Smart Living | Devices

Devices | 03 Mar 2022

Night photo shoot-off: Samsung Galaxy S22 Ultra vs S20

We took the S22 Ultra out on the town to see just how well its main camera copes in low-light situations.

The Samsung Galaxy S22 Ultra is finally available and one of its touted new features is improved night photography – or ‘Nightography’ as Samsung calls it.

Good photography depends on having light, but light can be hard to come by when you’re snapping away in places and situations such as dimly-lit pubs and restaurants or shadow-soaked streets and garden parties.

Such low-light photography is one of the toughest challenges for any smartphone. To see how the S22 Ultra’s main camera fared, we put it to work in some common low-light situations alongside one of its recent predecessors, the Galaxy S20.

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Both the S22 Ultra and S20 have dedicated Night modes in their camera apps. Put simply, such modes take multiple shots at different settings and then combine the best bits from each one into a single shot that’s greater than the sum of its parts. While both phones coped well with this shot of the unlit side of the Tate Modern in London, the S22 Ultra clearly has the edge with the lattice, fabric-like texture of the building preserved more crisply.

The S22 Ultra’s larger camera sensor and more light-sensitive main lens were able to capture more light than the S20’s, preserving more detail. Both phones incorrectly captured the street light with a purple hue though, but this is fairly common with smartphone cameras.

Tate Modern, S22 Ultra, night mode
Tate Modern, S20, night mode

This graffiti-decorated tunnel was a tough ask, with one end bathed in light and the rest cloaked in inky darkness. Accurately depicting both parts, without over-brightening the well-lit end or over-darkening the shadowy end, would be a struggle for many older smartphones. While the S20 coped respectably well, the S22 Ultra captured far more detail and colour in the dark end of the shot whether we used Night mode or not.

Leake Street graffiti tunnel, S22 Ultra, without night mode
Leake Street graffiti tunnel, S20, without night mode
Leake Street graffiti tunnel, S22 Ultra, night mode
Leake Street graffiti tunnel, S20, night mode

Just as importantly, the S22 Ultra’s night mode required the photographer to hold the phone steady for just two seconds rather than the S20’s three seconds. While this doesn’t sound like much, that one second could make the difference between capturing a precious, spontaneous moment or missing it entirely.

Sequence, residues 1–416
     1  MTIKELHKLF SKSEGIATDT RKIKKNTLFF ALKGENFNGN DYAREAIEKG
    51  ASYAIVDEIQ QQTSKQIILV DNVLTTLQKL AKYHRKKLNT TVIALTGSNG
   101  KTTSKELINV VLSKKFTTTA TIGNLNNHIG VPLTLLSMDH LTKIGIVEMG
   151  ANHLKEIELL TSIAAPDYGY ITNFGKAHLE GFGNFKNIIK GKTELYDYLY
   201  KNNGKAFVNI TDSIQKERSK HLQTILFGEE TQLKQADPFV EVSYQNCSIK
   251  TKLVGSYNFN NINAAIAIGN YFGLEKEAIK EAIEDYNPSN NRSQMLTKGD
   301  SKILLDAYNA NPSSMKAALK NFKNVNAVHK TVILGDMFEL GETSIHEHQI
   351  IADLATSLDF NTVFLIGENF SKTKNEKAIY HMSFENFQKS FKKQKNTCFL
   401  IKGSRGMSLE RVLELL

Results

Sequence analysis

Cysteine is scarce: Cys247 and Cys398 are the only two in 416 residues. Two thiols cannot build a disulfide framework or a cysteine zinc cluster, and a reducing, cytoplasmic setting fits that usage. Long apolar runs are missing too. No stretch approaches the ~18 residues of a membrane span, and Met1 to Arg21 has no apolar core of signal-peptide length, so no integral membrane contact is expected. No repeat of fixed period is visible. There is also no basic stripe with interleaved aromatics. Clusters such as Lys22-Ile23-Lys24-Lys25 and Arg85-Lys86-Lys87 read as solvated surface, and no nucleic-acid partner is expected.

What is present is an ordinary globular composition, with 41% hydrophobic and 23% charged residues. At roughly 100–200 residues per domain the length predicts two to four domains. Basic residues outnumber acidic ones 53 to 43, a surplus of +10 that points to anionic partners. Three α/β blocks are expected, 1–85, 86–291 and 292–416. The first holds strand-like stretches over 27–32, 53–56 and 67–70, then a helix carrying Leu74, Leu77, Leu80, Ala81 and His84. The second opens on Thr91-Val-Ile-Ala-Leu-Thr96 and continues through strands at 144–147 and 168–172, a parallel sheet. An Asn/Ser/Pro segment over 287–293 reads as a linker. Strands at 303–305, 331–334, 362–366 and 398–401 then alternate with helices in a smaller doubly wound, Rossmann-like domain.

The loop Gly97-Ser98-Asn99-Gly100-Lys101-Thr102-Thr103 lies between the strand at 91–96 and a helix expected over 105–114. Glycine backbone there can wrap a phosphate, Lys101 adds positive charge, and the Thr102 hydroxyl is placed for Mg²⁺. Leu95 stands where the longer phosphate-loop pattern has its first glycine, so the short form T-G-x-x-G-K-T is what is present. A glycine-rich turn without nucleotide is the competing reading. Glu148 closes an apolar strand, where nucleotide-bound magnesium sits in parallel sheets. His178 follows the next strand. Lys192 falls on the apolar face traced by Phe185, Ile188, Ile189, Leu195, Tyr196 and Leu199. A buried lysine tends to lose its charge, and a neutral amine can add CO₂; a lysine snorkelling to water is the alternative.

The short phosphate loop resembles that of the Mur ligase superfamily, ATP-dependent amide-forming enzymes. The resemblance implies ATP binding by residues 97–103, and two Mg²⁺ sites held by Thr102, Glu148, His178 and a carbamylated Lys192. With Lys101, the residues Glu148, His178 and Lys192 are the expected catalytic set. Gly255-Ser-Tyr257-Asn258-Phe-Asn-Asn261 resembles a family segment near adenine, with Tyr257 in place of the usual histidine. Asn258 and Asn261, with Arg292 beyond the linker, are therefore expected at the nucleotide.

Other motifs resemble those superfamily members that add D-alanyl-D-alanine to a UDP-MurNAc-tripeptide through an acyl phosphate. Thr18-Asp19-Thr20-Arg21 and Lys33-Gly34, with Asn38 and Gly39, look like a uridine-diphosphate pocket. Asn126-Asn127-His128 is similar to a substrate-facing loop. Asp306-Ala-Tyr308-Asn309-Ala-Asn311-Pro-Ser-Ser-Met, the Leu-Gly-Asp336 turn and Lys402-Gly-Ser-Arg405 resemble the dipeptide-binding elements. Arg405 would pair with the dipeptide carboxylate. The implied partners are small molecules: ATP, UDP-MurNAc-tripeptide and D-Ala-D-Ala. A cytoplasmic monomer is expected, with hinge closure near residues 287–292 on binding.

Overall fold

Fidgety pets (and children too, for that matter) are tricky to photograph at the best of times – especially so in low-light conditions. The lighting conditions for this shoot were especially challenging as the only sources of light were a few inset spotlights about 5-7m behind the photographer and partially obscured by furniture.

The S20 struggled in these harsh conditions, producing blurry results. The S22 Ultra fared much better, producing sharper and more colourful results. This light-and-day difference was due to its laser-assisted autofocus system which helps it keep subjects in focus, a feature not found in any of the S20-series phones.

Ginger and white tabby cat, S22 Ultra, night mode
Ginger and white tabby cat, S20, night mode

It’s no surprise that laser-assisted autofocus is increasingly found in more and more smartphones.


Our volunteer model was photographed in a dark room with only a narrow shaft of light peeping in through a crack in the door.

Inconsistently hirsute gentleman, S22 Ultra, night mode
Inconsistently hirsute gentleman, S20, night mode

Both phones coped admirably, although the S22 Ultra captured the eyes with a touch more sharpness and the beard with less blurriness. The skin tones were also truer to life.


This motley collection of leftovers won’t impress any professional chefs, but the dim light to the side wouldn’t be out of place in a restaurant trying to conjure up some atmosphere. Capturing the varying colours and textures of the different foods in such low light was the challenge here.

Neither phone got everything quite right, but the S22 Ultra still edged ahead with its more accurate reproduction of the peach’s dappled hues and the leatheriness of the sorry-looking samosa. Both phones oversharpened the shortbread though, overemphasising its gritty graininess, but that’s the way the cookie crumbles.

Leftover food, S22 Ultra, night mode
Leftover food, S20, night mode

If you’re a keen or budding low-light photographer, learn how you can get the Samsung Galaxy S22 Ultra on a flexible contract at a price you choose.

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